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Ralph Teller

Overcoming Anxiety During Triathlons and Open Water Swimming

by Ralph Teller

Anxiety can Diminish Swim Performance and Create Health Problems

For many athletes, the swim portion of a triathlon, especially the mass swim start of the Ironman triathlon distance, and open water swimming in general causes anxiety and even panic attacks. Anxiety may result from inexperience in open water swimming, crowds, overheating in a wetsuit, inhaling water, being kicked, rough water, turns, poor visibility, general race start anxiety, sun in eyes limiting visibility, or difficulty navigating a straight course.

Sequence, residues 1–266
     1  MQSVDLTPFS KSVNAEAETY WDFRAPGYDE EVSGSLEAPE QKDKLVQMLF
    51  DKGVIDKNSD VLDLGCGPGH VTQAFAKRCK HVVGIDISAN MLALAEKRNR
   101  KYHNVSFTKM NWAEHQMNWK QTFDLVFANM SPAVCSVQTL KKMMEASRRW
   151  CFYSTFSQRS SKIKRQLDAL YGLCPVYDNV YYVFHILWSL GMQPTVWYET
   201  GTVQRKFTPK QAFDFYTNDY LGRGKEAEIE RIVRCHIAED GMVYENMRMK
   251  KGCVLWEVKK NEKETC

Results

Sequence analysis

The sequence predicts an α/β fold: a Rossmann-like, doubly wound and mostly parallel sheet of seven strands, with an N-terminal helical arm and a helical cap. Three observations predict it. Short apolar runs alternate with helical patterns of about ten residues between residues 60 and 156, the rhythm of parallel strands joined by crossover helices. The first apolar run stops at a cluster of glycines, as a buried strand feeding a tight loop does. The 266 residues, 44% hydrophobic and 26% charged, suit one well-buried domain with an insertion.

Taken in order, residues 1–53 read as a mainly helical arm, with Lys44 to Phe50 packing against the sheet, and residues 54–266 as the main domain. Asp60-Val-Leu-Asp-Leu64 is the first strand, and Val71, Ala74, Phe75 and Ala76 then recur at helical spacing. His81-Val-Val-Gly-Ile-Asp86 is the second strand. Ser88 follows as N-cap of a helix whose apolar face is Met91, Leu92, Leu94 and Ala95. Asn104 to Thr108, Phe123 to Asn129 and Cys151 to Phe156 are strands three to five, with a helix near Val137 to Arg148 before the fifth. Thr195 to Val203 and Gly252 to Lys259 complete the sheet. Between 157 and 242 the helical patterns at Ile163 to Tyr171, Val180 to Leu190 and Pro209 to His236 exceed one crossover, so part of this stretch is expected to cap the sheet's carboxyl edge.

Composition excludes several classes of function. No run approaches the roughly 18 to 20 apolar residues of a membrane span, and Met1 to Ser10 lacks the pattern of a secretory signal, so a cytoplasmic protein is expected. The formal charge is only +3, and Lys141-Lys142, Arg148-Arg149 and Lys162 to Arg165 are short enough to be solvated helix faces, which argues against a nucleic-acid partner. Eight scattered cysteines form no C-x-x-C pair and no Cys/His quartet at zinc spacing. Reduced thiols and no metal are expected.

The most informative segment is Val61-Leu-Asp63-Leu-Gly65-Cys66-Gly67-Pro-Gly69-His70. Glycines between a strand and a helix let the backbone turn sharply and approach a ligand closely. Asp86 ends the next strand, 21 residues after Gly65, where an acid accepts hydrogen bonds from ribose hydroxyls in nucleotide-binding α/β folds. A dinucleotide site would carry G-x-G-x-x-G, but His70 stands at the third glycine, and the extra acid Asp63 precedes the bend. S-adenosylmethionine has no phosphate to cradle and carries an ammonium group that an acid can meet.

Anxiety causes an increase in pulse rate and blood pressure which can interfere with and diminish swimming performance. Anxiety begets anxiety, increasing the pulse rate even further. This anxiety and racing pulse rate stresses the cardiovascular system and can contribute to cardiac arrest. Although distance triathlon and marathon race promoters do not like to publicize it, the risks of cardiac arrest increase during distance triathlons and marathons. For example, 3 runners died of a heart attack during a recent Detroit Marathon and an athlete died from a heart attack suffered during the 2012 Ironman Coeur d'Alene swim. For this reason, it's a good idea to be familiar with the latest thinking on CPR skills. See Cardiopulmonary Resuscitation (CPR) is a Life Skill: Learn How to do it!. The life you save may be your training buddy!

The purpose of the article is to offer some useful tips to help you prevent and manage anxiety during the swim for better race performance and health. A taxing swim will impact your performance on the bike and run.